Summary:

After similar launches in the UK and Ireland, mobile giant Telefónica is bringing its Wayra accelerator program to Germany later this year — with a six-month scheme for tech startups that comes with up to €50,000 in seed funding.

Wayra

Germany’s already stacking up incubators and accelerators these days, but a new one’s about to launch that comes with serious firepower: GigaOM has learned that Spain’s Telefónica will be opening up one of its Wayra academies in Munich later this year.

One of the world’s largest mobile operators, Telefónica is particularly big in Latin America, and that’s where most of its Wayra academies are already sited. There are also two academies in Spain, and further accelerators are being set up in the U.K. and Ireland.

And now it’s Germany’s turn. But why Munich rather than hot startup town Berlin? The answer appears to lie in Munich’s longer heritage as a base for established tech firms, ranging from Siemens to Microsoft.

“Munich has an entrepreneurial ecosystem with great potential which is pretty unique and fits with what we want to achieve,” Wayra Deutschland Bernhard Kirchmair told me. “We’re not focusing purely on internet technologies. Our scope is a bit broader – it’s about being wireless.”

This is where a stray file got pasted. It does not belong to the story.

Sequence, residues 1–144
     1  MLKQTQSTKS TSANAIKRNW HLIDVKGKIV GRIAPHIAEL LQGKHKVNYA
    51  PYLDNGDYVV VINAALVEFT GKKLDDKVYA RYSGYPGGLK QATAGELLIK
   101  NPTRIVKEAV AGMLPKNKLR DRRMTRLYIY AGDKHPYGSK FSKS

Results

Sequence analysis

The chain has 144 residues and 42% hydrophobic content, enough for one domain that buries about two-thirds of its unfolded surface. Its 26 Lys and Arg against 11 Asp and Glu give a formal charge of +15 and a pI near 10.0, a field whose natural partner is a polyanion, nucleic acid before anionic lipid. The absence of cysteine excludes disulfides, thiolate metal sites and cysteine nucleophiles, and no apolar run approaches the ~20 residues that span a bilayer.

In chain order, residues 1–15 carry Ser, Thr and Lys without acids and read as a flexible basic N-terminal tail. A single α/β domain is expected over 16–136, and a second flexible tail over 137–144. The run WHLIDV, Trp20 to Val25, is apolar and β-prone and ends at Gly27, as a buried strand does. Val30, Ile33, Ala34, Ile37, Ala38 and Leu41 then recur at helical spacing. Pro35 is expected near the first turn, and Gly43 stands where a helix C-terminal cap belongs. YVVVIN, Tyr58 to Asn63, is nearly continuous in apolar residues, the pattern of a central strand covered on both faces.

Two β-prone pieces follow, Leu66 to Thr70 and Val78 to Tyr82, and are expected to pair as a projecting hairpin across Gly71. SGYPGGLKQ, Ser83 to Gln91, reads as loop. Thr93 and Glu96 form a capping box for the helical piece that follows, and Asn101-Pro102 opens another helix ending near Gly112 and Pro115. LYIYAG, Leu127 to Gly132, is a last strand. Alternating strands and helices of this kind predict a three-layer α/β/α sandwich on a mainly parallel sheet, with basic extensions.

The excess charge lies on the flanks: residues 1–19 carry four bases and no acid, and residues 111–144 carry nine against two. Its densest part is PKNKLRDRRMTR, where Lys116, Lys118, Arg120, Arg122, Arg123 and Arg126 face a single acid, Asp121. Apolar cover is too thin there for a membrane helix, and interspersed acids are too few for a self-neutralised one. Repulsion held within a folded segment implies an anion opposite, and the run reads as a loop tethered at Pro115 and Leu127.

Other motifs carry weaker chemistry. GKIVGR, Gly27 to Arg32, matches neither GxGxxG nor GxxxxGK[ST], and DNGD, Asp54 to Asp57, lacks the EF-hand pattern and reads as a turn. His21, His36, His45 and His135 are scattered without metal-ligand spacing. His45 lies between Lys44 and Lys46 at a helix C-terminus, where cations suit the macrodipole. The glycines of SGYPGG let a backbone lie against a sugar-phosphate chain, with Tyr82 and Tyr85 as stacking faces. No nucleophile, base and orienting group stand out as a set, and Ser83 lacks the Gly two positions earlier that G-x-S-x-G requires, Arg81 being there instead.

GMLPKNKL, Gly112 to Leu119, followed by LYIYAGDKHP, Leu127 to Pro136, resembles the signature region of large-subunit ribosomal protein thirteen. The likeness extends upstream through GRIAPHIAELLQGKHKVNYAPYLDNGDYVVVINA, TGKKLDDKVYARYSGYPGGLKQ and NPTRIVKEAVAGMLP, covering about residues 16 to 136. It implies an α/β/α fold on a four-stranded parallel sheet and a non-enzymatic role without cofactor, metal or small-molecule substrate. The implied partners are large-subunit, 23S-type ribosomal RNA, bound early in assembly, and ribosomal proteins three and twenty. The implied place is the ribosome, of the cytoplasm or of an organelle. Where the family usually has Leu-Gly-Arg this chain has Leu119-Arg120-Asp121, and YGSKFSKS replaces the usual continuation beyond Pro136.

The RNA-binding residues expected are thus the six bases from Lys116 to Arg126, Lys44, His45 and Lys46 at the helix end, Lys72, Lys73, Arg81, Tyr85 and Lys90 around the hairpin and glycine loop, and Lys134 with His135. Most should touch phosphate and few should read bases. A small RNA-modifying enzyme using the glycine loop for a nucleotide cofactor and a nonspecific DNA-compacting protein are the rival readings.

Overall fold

Wayra’s looking for startups with something to offer in fields such as the cloud, social media, m-health, e-health and security. It will select up to 10 of the applicants for each six-month accelerator program, with seed funding of up to €50,000 ($66,000) for each startup. In return, Telefónica gets a 10 percent equity stake, along with first rights on future funding and on taking the resulting product to market.

Kirchmair insisted that Telefónica will treat the startups fairly when it comes to those first rights, and will adhere to market valuations. But he also pointed out how much the company can offer its prospective fledglings.

“We’re not aware of any other seed funding program by a huge corporate,” he said. “Wayra is a gateway to 300 million customers, and we also throw in out global and local marketing, advertising and press power. We can make the Wayra startups famous in a pretty short period of time.”

Of course, Wayra also provides mentoring and help with product internationalisation, and a deal struck last week between Telefónica and Microsoft also means that the startups will get subsidised Azure access and other benefits of the BizSpark program.

Once the startups have left Wayra, Telefónica will even provide Y-Combinator-style demo days and networking for alumni, VCs and angels.

Applications are being opened later this month, and will be open between 21 May and 8 July — with a ‘Campus Party’ to be held in Berlin between 21-26 August that will serve as a pitching platform. The first program will kick off in September.

The downside for some startups — certainly those in the thriving Berlin scene — is that they’d have to at least partly relocate to Munich for six months. But will they think that’s a small price to pay for going the way of Wayra?

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